On behalf of our outstanding team of associate editors, I am honored and privileged to report to you the current state of Diabetes Care at the end of the third year of our tenure. The journal continues to enjoy a wide international readership and a high impact factor that allows us to be ranked fourth out of 92 journals in diabetes and endocrinology and tenth out of 100 general medicine journals. Though we are clearly making progress in clinical science, I want to highlight our challenges, particularly in the humanistic aspects of diabetes, as we contribute to the mission of not only finding a cure for the disease but also improving the lives of people with diabetes.

The explosion of interest in the field of diabetes and its comorbidities, along with increased research, has enabled maintenance of the record submission rate established about 2 years ago. This rate seems to have plateaued a bit, perhaps because of frustration with our high rejection rate, which is currently 75%. Regrettably, space constraints often dictate the rejection of many well-done studies, a portion of which the editorial committee is forced to return without external review, thus presenting the difficult task of disappointing authors. I would like to emphasize that this does not mean that the study has not been read internally by our associate editors. The advantage to authors is that they will at least get the “bad news” quickly rather than waiting for several weeks. Having said that, our overall time to initial decision continues to fall and is currently at a median of 13 days, thanks to our excellent and continually improving online submission system. Again, I would like to remind readers and authors of their responsibility to review papers—without which the peer review system would fail.

The plateauing of the submission rate may have a disturbing implication: the amount of diabetes research is not increasing in line with the increase in the prevalence and importance of the disease. It is vital that we continue to pressure grant-giving bodies to fund research in diabetes and encourage young investigators to continue in an academic career and build the next generation of leaders in the field. I am delighted with the recent changes in the research policies of the American Diabetes Association (ADA), which will encourage and enhance clinical and translational research. In this issue of Diabetes Care, we publish an editorial on this important topic by Dr. Paul Robertson, ADA President, Science and Medicine. Given the importance of research funding, we plan to acknowledge the support of research grantors appropriately and would particularly like to highlight research that is funded by the ADA, although such papers in no way receive any preference or priority in the review process.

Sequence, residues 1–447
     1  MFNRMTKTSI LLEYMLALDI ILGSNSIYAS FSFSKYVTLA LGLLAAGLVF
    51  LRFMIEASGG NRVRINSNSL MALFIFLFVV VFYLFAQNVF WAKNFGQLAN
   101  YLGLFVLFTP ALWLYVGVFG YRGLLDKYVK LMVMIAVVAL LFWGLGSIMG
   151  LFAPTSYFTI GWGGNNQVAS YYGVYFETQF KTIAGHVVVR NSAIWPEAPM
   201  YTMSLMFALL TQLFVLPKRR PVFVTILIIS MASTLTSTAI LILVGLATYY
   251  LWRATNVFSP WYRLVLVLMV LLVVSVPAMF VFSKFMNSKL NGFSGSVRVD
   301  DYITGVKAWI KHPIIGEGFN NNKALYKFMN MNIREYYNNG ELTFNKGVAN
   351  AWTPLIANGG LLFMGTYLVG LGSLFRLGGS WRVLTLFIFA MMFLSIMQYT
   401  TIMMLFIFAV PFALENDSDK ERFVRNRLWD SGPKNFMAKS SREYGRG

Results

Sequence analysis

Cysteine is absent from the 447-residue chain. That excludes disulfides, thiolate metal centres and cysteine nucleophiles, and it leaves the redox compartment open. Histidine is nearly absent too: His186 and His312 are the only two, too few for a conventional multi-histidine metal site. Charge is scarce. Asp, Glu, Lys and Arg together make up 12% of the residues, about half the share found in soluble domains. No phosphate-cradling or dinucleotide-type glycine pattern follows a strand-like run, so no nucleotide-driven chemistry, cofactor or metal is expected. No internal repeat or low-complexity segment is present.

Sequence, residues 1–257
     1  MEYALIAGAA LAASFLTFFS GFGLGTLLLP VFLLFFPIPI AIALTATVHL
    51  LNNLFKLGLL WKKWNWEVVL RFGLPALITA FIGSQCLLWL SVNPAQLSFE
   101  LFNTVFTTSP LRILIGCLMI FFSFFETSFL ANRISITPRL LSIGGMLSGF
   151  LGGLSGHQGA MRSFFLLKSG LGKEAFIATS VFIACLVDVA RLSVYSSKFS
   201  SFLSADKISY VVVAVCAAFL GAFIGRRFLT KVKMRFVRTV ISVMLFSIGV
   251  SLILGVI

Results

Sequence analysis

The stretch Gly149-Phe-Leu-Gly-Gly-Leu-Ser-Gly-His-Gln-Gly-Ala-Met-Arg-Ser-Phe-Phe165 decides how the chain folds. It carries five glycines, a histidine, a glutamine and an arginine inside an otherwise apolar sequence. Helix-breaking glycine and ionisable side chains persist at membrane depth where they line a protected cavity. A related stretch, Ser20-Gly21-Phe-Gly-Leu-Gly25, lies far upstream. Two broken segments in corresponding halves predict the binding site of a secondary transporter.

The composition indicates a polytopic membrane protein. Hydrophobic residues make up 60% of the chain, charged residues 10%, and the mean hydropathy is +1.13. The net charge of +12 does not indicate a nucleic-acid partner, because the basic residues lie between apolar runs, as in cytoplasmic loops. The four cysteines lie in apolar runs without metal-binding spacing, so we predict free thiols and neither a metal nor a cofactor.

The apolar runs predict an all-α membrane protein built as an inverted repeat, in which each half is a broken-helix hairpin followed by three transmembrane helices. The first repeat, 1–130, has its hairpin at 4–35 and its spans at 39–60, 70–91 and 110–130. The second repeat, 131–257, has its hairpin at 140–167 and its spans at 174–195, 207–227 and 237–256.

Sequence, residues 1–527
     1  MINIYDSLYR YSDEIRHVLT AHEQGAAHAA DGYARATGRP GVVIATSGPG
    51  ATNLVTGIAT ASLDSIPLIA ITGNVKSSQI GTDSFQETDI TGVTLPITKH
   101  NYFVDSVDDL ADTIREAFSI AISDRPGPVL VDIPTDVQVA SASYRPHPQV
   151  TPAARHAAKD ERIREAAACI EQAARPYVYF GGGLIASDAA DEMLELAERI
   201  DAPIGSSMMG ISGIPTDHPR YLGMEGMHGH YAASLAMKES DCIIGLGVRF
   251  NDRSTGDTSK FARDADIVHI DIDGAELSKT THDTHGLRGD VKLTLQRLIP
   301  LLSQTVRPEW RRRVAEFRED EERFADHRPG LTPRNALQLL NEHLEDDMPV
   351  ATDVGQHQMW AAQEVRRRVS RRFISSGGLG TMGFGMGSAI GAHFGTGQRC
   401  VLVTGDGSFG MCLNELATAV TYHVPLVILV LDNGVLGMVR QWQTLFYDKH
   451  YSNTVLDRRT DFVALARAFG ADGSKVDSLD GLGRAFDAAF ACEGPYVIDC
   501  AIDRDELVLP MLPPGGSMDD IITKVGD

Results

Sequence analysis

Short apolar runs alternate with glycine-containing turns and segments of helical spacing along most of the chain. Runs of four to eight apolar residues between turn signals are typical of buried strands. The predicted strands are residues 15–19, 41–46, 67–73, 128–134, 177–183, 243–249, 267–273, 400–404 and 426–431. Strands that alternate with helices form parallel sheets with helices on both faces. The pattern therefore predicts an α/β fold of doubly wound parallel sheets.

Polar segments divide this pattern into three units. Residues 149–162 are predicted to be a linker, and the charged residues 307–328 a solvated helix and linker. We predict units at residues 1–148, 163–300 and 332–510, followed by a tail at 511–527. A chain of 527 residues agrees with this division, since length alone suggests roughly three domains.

The last year has seen the publication and presentation of several landmark clinical trials reporting on goals for metabolic control and how these goals should be achieved, which has stirred up much controversy. We are pleased to publish the ADA's response to these controversies, which has been developed jointly with organizations such as the American Heart Association and others. We welcome the collaboration across specialty lines that is important in overcoming the complex multisystem complications of diabetes.